RENTON, Wash., 15 April 2012. Passenger aircraft designers at the Boeing Co. (NYSE: BA) Commercial Airplanes segment in Renton, Wash., are making several design changes to their next-generation 737 MAX single-aisle commercial jetliner with an eye towards improving fuel efficiency and emissions. Boeing is launching the new-engine, fuel-efficient 737 MAX in response to the A320neo narrow-body jetliner by archrival Airbus in Toulouse, France.
Boeing engineers will replace a mechanical system with fly-by-wire spoilers in the 737 MAX flight control system to save weight, as well as including an electronic bleed-air system for cabin pressurization and aircraft ice protection, which will improve fuel burn, company officials say. The Boeing 737 MAX is to enter service in 2017.
Boeing engineers also will extend the tail cone of the 737 MAX and thicken its elevator to improve steadiness of air flow and eliminate the need for vortex generators on the tail reduce drag.
Engineers also will integrate the 737 MAX's CFM International LEAP-1B engines with the wing similar to the aerodynamic lines of the 787 Dreamliner engine with its wing.
To do this, designers will use a new pylon, strut and 8-inch nose gear extension to maintain similar ground clearance to today's 737 while accommodating the larger engine. Boeing also will strengthen the 737 MAX's main landing gear, wing, and fuselage to accommodate the increased loads of the larger engines.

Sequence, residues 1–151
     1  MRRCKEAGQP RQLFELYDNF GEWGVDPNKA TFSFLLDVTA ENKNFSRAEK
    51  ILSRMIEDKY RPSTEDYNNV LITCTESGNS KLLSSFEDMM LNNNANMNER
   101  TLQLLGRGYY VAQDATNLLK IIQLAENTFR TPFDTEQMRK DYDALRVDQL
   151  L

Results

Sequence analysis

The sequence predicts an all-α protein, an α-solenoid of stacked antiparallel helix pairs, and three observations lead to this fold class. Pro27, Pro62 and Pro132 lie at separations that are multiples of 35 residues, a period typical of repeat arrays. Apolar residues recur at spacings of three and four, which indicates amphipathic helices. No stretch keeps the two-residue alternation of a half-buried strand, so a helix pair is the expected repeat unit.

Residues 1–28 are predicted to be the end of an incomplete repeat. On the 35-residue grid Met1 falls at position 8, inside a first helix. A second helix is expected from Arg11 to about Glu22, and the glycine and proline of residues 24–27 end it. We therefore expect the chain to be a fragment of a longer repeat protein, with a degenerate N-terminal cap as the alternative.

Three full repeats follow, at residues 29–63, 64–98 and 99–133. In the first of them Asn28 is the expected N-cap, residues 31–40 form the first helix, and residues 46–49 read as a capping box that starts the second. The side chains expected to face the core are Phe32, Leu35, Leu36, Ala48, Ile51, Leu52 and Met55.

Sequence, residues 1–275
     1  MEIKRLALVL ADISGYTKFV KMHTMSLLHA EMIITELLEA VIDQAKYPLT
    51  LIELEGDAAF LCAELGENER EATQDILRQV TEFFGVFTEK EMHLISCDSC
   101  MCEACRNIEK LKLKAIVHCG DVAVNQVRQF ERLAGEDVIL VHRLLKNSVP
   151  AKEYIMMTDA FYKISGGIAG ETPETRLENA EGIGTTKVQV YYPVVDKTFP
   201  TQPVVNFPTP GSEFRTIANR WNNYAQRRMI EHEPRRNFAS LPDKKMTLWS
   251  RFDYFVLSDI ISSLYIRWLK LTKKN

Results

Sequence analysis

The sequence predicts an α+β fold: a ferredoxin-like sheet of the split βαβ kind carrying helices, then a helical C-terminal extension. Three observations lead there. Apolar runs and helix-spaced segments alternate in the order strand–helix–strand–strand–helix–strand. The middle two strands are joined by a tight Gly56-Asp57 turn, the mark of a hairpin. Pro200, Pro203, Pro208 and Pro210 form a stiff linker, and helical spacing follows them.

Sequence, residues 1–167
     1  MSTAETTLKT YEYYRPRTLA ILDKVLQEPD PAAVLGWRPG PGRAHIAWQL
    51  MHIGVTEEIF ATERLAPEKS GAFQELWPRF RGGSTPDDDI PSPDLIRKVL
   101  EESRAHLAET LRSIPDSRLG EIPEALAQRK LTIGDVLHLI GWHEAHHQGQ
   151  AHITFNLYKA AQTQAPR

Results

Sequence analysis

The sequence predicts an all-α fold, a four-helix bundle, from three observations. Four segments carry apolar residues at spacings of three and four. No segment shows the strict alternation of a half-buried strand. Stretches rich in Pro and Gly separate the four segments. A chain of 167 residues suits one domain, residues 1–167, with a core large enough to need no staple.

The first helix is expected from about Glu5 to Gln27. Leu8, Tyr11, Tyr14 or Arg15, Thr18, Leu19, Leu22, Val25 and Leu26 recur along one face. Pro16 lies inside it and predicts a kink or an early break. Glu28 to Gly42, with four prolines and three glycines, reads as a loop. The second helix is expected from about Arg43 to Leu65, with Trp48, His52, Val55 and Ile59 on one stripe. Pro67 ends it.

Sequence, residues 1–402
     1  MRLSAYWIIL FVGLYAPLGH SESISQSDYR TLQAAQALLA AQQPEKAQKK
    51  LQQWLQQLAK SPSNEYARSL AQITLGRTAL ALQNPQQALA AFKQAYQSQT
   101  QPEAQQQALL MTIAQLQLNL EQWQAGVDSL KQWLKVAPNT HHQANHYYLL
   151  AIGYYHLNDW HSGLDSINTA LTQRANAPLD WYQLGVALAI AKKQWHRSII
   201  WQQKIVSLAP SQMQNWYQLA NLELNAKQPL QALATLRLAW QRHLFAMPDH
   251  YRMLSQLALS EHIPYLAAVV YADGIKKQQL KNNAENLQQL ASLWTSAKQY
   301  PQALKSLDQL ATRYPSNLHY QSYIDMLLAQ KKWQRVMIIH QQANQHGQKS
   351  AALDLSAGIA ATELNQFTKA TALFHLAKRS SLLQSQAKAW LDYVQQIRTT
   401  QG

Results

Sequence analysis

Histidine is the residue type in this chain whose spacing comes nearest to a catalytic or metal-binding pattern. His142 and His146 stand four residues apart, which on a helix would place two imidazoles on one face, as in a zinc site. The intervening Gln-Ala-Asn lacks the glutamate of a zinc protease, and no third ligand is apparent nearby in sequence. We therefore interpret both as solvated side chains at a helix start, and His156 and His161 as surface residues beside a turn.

A possible revision to the wing tips on the MAX also is being tested in the wind tunnel to see if this new technology could further benefit the airplane.
Airlines operating the 737 MAX will see a 10-to-12-percent fuel-burn improvement over today's most fuel efficient single-aisle airplanes and a 7 percent operating cost per-seat advantage over tomorrow's competition, Boeing officials say.
Like its widebody big brother, the Boeing 787 Dreamliner, the Boeing 737 Max has serrated edges called chevrons for the back of the engine nacelle and the engine exhaust nozzle to reduce jet blast noise by controlling the way the air mixes after passing through and around the engine.
The Boeing 737 MAX family will consist of three models -- the MAX 7, MAX 8, and MAX 9 -- that will have different lengths and different seating configurations. The new jets will feature the 737 Boeing Sky Interior with spacious cabin headroom, overhead bins that disappear into the ceiling yet carry more bags that previous interior configurations, and light-emitting diode (LED) lighting.
To date, the 737 MAX has more than 1,000 orders and commitments from 16 buyers. For more information contact Boeing commercial Airplanes online at www.boeing.com/commercial.